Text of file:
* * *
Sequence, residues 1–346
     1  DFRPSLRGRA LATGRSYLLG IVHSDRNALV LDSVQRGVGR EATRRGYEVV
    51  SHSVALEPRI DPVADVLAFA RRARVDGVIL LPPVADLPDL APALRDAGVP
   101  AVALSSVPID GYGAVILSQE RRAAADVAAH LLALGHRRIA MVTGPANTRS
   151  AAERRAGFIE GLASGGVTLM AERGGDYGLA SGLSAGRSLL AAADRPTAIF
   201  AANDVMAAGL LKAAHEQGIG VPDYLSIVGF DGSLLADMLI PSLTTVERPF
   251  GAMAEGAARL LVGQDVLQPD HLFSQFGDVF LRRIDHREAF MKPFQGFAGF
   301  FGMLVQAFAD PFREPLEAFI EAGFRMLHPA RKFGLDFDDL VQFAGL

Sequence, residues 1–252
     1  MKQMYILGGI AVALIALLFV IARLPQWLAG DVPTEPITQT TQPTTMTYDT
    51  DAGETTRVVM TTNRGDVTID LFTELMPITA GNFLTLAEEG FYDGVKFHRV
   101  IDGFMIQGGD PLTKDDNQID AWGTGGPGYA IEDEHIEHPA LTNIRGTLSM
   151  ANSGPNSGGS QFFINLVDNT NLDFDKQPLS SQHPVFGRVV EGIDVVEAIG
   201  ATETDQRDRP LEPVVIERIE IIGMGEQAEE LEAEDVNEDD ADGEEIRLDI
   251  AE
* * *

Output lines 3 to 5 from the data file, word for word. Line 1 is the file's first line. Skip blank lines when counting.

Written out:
    51  SHSVALEPRI DPVADVLAFA RRARVDGVIL LPPVADLPDL APALRDAGVP
   101  AVALSSVPID GYGAVILSQE RRAAADVAAH LLALGHRRIA MVTGPANTRS
   151  AAERRAGFIE GLASGGVTLM AERGGDYGLA SGLSAGRSLL AAADRPTAIF